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Profanity policy

There is profanity on these pages. Not a lot, and no profanity for profanity’s sake (nothing you wouldn’t see in, say, The New Yorker), but because when you change the words, you change more than the words. Although I heartily disagree with the contention that swearing is evidence of an uncreative mind, I respect individual preferences regarding profanity. These pages reflect my preference. If profanity offends you, stop right here and don’t read the story below. The recipes, though, are a curse-free zone – I’m just not creative enough to work curse words into double tomato bruschetta.

There are many versions of this story, but this is the one I enjoy the most and I don’t care if it’s accurate or not:

Loretta Young, an upright Catholic, had an affair with the married Clark Gable, the result of which was a child. For publicity’s sake, she “adopted” her own child, a fact she denied until after she died, when it was published posthumously in an authorized biography. To atone for the affair, the out-of-wedlock birth, the lying, she became even more uprightly Catholic and had a swear jar on all of her movie sets, with the .25 per curse that she collected going to a charityCatholic, one might safely assume. As Ethel Merman (Robert Mitchum, whoever) was leaving the set one day, she (he, they) said, “Here’s twenty bucks. Now go fuck yourself.”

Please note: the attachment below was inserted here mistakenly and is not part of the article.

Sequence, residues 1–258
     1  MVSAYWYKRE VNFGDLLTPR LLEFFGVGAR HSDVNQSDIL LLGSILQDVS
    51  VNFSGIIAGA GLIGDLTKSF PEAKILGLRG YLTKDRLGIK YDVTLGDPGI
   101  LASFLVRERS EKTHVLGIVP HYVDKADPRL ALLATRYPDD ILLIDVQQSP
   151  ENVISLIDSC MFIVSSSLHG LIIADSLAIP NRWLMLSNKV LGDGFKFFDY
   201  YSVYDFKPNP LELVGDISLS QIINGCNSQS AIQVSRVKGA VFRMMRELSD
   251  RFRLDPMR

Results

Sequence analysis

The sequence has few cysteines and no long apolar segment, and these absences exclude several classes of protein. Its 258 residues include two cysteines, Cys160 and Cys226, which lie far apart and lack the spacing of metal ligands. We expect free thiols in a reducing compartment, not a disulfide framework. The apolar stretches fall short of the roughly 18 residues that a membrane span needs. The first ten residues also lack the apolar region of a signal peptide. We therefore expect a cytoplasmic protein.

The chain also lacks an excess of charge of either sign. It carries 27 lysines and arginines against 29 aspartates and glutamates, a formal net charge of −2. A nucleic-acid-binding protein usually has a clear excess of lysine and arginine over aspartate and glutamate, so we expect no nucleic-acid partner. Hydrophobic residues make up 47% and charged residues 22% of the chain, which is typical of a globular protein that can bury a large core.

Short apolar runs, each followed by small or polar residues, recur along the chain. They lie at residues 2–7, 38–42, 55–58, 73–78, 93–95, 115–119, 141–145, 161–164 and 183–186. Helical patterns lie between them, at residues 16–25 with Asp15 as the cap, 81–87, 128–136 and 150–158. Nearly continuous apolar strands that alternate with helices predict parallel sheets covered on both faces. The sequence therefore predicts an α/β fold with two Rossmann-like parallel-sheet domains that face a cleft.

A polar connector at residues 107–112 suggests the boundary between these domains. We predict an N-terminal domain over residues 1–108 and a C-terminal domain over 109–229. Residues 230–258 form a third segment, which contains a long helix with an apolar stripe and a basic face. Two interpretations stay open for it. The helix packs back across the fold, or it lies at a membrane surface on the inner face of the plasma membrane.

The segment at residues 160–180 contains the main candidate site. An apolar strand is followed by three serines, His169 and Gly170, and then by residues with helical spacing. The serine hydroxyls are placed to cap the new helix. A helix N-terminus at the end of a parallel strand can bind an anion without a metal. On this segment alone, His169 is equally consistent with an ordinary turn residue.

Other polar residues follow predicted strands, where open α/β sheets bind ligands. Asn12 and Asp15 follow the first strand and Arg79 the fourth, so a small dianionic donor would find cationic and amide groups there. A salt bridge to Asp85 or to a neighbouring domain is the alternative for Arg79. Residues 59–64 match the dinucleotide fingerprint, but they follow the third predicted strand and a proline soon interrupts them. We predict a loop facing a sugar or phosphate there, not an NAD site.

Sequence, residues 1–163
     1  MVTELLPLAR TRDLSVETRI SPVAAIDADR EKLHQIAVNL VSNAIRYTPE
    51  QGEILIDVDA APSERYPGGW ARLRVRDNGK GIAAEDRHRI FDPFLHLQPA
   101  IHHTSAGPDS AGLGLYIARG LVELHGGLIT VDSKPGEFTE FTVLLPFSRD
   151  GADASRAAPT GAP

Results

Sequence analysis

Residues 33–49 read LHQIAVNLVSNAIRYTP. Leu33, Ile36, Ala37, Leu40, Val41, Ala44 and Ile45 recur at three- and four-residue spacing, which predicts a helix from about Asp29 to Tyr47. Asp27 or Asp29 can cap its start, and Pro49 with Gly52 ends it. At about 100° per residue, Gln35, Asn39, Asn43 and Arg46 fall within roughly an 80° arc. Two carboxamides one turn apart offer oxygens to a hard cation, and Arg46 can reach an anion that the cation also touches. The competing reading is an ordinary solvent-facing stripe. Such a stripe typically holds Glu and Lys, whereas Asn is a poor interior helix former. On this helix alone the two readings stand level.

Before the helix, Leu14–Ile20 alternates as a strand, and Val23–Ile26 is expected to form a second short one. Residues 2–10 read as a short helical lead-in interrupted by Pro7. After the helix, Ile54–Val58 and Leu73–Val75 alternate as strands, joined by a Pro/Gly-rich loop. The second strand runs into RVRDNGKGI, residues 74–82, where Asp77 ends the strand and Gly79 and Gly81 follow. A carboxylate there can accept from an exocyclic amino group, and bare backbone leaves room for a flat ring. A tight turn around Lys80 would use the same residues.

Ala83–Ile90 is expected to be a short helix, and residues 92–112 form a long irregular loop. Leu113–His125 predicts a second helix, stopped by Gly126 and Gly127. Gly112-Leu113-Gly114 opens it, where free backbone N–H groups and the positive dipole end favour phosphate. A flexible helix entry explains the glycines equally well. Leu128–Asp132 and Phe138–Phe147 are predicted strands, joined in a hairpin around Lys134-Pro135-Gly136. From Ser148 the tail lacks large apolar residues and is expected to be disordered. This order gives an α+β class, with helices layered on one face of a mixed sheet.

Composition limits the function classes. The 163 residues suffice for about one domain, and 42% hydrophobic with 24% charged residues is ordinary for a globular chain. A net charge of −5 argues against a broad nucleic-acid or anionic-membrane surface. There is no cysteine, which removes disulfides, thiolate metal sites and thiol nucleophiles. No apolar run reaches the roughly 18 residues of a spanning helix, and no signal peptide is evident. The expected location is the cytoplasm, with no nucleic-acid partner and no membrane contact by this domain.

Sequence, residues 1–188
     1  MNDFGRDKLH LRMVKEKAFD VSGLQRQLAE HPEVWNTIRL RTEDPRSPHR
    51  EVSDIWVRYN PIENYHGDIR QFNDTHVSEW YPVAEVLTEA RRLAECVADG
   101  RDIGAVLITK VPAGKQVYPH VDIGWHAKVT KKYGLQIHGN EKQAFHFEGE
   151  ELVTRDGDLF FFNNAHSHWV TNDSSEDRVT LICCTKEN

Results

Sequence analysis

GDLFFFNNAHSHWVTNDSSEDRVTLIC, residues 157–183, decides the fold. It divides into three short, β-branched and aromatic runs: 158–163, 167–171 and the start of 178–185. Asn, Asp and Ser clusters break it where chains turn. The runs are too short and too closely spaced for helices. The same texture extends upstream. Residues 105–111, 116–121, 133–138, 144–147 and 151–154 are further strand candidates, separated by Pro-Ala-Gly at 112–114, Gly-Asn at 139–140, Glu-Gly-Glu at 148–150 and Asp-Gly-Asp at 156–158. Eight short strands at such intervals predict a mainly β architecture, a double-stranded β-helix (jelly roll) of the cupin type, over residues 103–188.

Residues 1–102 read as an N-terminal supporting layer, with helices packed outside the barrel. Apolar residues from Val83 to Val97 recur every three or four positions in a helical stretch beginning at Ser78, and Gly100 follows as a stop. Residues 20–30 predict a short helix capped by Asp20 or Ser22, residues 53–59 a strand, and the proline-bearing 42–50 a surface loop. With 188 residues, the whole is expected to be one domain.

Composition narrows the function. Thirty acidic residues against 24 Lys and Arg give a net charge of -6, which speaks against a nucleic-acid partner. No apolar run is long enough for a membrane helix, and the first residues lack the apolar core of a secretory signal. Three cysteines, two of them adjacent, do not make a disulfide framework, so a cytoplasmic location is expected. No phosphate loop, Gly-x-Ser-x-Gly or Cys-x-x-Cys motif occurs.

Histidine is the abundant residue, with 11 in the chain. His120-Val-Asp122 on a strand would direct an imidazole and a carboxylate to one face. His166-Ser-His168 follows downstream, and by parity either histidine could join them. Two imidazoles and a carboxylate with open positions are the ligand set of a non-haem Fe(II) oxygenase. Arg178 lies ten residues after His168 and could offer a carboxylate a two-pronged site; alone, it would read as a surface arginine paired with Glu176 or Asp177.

Another version goes something like this:

At the end of a movie shoot, Robert Mitchum puts a $20 bill in the jar and says, “That should cover just about everything I’ve wanted to say to Miss Young.”

See? Changing the words changes more than the words.